The good news on the Brexit front has just kept coming all week; it’s hard to know where to start.
On Tuesday, Bloomberg reported on a draft paper being prepared by the German Foreign Ministry on future UK-EU relations, including setting out the desire for a comprehensive free-trade agreement. This was followed on Thursday by an announcement from Sweden’s Trade Minister Ann Linde that the Swedish government is also looking at important sectors of trade in goods and services between Sweden and the UK, and is drawing up a basis for Swedish trade interests in the EU negotiations.
I have always been confident that EU countries were already looking to the future of their post-Brexit relationship with the UK, and it is great to see that this is certainly the case. It is absolutely in the interests of the EU27 to be thinking ahead to what a comprehensive free-trade agreement will look like with us, and it seems that the other member states are readying to move onto the next phase of talks. Indeed, Angela Merkel has on Friday confirmed that she is very clear that she wants an agreement with the UK, and that the EU is working with us to achieve this. As she said, “I believe, in contrast to the way things are portrayed in the British press, that things are progressing step by step.”
We’ve also heard Donald Tusk, President of the European Council, say that reports of a deadlock in Brexit talks between the UK and the EU have been "exaggerated”. He also said on Friday morning that the EU27 leaders have given the green-light to start their own discussions about preparations for the second phase of the negotiations, paving the way for the start of formal discussions on future UK-EU trade by the end of the year. The President of the European Commission, Jean-Claude Juncker, has said that he is “not in favour of no deal” and that he wants “to have a fair deal with Britain”.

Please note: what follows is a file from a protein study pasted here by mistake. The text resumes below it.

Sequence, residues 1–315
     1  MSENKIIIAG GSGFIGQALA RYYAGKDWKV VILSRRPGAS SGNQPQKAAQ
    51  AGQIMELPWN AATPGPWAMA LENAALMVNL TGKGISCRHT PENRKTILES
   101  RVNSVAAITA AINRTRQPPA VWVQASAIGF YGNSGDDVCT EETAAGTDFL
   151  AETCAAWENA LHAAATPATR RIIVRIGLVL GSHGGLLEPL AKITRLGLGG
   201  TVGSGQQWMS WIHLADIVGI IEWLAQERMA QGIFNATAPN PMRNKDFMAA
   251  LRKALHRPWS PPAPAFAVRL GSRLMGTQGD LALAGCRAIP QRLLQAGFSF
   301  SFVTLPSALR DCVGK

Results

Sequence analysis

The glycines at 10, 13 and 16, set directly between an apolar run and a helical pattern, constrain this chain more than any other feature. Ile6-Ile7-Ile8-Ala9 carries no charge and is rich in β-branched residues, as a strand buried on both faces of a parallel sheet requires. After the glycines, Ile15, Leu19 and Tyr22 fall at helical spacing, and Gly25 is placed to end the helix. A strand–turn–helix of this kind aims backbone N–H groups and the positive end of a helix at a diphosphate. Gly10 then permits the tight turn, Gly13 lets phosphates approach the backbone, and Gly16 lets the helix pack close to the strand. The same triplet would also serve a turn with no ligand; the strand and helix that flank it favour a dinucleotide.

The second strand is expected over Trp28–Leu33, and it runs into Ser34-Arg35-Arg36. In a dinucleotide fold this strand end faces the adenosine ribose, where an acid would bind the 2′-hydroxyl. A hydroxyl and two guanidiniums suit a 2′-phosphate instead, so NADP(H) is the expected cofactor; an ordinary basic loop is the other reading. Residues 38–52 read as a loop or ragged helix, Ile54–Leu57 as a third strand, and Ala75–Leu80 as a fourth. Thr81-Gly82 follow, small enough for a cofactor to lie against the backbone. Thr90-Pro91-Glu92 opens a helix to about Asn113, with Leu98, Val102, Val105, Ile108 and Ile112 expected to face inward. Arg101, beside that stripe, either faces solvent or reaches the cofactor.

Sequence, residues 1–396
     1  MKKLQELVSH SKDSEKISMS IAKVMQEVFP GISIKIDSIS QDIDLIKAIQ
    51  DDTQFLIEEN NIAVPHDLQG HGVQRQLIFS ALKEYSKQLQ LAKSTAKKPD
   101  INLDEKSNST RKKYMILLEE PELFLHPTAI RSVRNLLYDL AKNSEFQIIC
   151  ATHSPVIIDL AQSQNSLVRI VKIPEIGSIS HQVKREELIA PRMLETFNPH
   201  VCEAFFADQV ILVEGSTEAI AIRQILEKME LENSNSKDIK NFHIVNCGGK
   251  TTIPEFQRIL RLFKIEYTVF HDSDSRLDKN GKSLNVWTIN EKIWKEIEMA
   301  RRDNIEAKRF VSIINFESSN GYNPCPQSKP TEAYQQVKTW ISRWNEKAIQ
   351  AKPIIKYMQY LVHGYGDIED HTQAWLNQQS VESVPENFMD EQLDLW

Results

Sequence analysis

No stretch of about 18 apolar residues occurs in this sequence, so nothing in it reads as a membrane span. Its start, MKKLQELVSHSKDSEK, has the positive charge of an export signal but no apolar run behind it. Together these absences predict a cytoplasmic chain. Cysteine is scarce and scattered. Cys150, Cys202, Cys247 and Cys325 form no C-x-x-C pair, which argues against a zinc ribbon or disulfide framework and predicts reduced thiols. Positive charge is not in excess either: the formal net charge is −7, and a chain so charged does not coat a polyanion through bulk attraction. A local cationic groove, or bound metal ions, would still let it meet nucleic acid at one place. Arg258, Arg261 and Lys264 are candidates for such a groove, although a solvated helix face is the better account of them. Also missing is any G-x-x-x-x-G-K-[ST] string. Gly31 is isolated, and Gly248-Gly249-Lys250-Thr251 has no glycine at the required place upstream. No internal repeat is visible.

This positivity from the EU comes, of course, after our Government has made absolutely clear that we are making preparations for the scenario of a no-deal Brexit, and that we are taking our responsibilities in that situation seriously. I am pleased that it has galvanised EU leaders into making some progress, but preparations will continue for both a deal and a no-deal outcome from the Article 50 process.
As for the UK, the Prime Minister has spoken in Brussels about her vision for a new, deep and special partnership between the UK and the EU after Brexit. The Government will be bringing the EU (Withdrawal) Bill back to the House after we have looked carefully at the 300+ amendments and 54 new clauses that have been put forward to ensure that the responses will be well thought through. When the Bill returns to the Commons for a response and for the debate, we will have eight days of debate with eight protected hours on each day. There is no specific timeframe for a Committee of the whole House to take place following Second Reading and, given that this is a large constitutional Bill, the Government is looking carefully at the many points that have been raised.
As I look back at the news this week, Michael Deacon's Parliamentary Sketch in the Telegraph comes to mind… Yes, I am “so pleased” and yes, I am “so very delighted!”. The optimistic and positive news coming from the EU27 as they prepare for a post-Brexit free-trade agreement with the UK is most welcome, and I look forward to more of the same in the coming weeks.